Nurses must follow ethical principles of autonomy (patient’s right to self-determination), nonmaleficence (obligation to do no harm), beneficence (obligation to do good), justice (fairness in treatment), fidelity (faithfulness), veracity (truthfulness), respect and the American Association of Nurses Code of Ethics with Interpretative Statements [12]. The Code of Ethics states nurses are to “…prevent and alleviate the cascade of symptoms and suffering that are commonly associated with dying” (“Code of Ethics”). To ease this burden, evidence-based interventions are needed to establish crucial conversations with patients, families or significant others in establishing goals of care with HCP’s regarding their loved one’s quality of life. An evidence-based intervention which “…bridges the gap between comfort and cure” [13] is palliative care. Not only is palliative care recognized as a crucial component of chronic disease, symptom and progression management, it is also a component of addressing the comprehensive care needs of critically ill ICU patients [6]. These needs include preventive and elimination of patient suffering, identification, and treatment of pain, symptoms, issues, and holistic needs [13]. Identification of these needs begins on admission in conjunction with coordination of empathetic and timely communication which focuses on addressing the patient’s condition, prognosis and values, and families’ needs and concerns. These factors should align to intensive care treatment goals and care transition planning [14]. The use of palliative care not only addresses the identification and needs of the critically ill patient but decreases hospital costs by decreasing LOS and utilization of resources [13]. Palliative care is further recognized by the World Health Organization (WHO), as an avenue to prevent and alleviate pain and suffering, as well as improve quality of life from problems arising from life threatening, as well as chronic illness, through early recognition and treatment [15]. The Institute of Medicine (IOM) also emphasizes the importance of establishing palliative care initiatives in “Dying in America: Improving Quality and Honoring Individual Preferences at the End of Life” [4]. These initiatives stress the importance of not only meeting patient needs, but also the need to provide and promote consistency with patient values and preferences of quality of life, and goals of care in the ICU at the EOL [4]. Additional organizations which support palliative care and its initiatives are the National Institute of Health (NIH), Robert Wood Johnson Foundation, American Association of Critical Care Nurses, American College of Critical Care Medicine, American Heart Association, American College of Cardiology Foundation, American Thoracic Society, American College of Chest Physicians, and others [14]. Currently, at a southeastern community hospital, patients are admitted into the ICU with a sudden, severe illness or a chronic condition. Presently, there is not a palliative care team at this community hospital to facilitate this goal of care conversation. Often families are reluctant to talk with nurses regarding EOL, or frankly do not want to discuss a non-curative option. Conversations regarding EOL are physician initiated, often several days after deterioration has started creating patient suffering; thus, making it imperative to establish a policy and/or program at this organization.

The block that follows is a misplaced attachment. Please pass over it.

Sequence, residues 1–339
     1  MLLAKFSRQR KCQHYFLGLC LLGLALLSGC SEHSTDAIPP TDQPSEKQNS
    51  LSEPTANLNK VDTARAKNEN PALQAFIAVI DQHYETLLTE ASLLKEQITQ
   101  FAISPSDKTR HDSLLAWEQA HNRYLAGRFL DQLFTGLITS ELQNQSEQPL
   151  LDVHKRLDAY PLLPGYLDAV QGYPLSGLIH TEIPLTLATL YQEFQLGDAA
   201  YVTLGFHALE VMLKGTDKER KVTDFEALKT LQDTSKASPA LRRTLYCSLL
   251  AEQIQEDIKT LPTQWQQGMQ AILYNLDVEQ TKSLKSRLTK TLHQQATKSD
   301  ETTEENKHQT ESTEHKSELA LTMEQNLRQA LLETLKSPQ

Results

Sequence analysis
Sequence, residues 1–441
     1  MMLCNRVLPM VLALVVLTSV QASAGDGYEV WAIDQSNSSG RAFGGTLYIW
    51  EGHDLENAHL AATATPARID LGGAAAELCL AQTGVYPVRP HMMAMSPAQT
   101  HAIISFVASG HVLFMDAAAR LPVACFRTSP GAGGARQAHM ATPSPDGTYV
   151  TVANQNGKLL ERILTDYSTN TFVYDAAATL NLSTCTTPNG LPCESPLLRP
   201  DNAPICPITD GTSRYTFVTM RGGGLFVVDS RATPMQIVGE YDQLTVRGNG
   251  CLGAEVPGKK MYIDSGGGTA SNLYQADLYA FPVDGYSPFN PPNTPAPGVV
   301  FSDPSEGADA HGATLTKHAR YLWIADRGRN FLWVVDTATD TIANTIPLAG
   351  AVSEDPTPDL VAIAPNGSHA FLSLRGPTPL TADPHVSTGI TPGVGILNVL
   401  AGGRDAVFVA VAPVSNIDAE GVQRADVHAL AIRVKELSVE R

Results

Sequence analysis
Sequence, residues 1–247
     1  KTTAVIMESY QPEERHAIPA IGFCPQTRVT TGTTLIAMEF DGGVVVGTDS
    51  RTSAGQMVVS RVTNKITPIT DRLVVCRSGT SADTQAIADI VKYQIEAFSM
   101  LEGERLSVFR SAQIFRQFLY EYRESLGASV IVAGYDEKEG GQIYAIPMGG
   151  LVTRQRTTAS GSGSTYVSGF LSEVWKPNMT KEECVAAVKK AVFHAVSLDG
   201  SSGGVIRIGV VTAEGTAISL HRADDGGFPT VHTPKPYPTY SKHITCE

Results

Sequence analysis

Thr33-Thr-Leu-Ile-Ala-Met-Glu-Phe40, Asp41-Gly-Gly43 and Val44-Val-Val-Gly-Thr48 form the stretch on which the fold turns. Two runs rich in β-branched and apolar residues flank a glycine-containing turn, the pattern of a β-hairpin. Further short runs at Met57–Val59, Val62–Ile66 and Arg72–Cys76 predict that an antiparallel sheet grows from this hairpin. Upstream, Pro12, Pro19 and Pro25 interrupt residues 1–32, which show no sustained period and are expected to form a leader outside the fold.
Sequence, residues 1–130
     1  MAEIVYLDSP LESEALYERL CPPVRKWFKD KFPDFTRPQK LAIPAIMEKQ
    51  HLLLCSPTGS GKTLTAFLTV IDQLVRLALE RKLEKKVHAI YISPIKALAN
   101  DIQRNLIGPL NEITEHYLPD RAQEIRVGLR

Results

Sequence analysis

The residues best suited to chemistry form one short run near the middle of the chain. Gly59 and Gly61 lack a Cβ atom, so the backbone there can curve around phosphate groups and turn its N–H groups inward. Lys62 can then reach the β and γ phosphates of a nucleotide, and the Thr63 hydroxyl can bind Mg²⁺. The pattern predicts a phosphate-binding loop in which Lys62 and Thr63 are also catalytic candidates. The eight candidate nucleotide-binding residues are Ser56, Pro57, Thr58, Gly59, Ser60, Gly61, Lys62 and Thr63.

The objective of this policy project was to utilize a palliative care screening tool to determine if a palliative care program would be of benefit at a southeastern community hospital.


Evidence review and synthesis

A literature review was conducted through PubMed, the Cumulative Index to Nursing and Allied Health Literature, and Scopus. The resulting studies utilized in the evidence review included systematic review and a retrospective study. The systematic reviews demonstrated a decrease in length of stay (LOS), ICU admissions, and ICU admission time to palliative care consult with the use of palliative care screening tools, as well as a decrease in family distress and anxiety while simultaneously improving communication through ‘goals of care’ conversations between family and care providers and improving quality of care [14, 16,17]. May, Normand, and Morrison16 further identified that palliative care teams increased quality of care and decreased cost of care. Further studies by Jenko et al. [1] and Daly & Matzel [3], substantiate the implementation of palliative care teams and palliative care screening in the ICU. Jenko et al. [1] study resulted in a 110% increase in palliative care referrals through utilizing a palliative care screening tool. The retrospective study by Lapp & Iverson [2] identified the utilization of the Center to Advance Palliative Care (CAPC) ICU screening tool was more specific for identifying palliative care needs of the ICU patient than other available screening tools.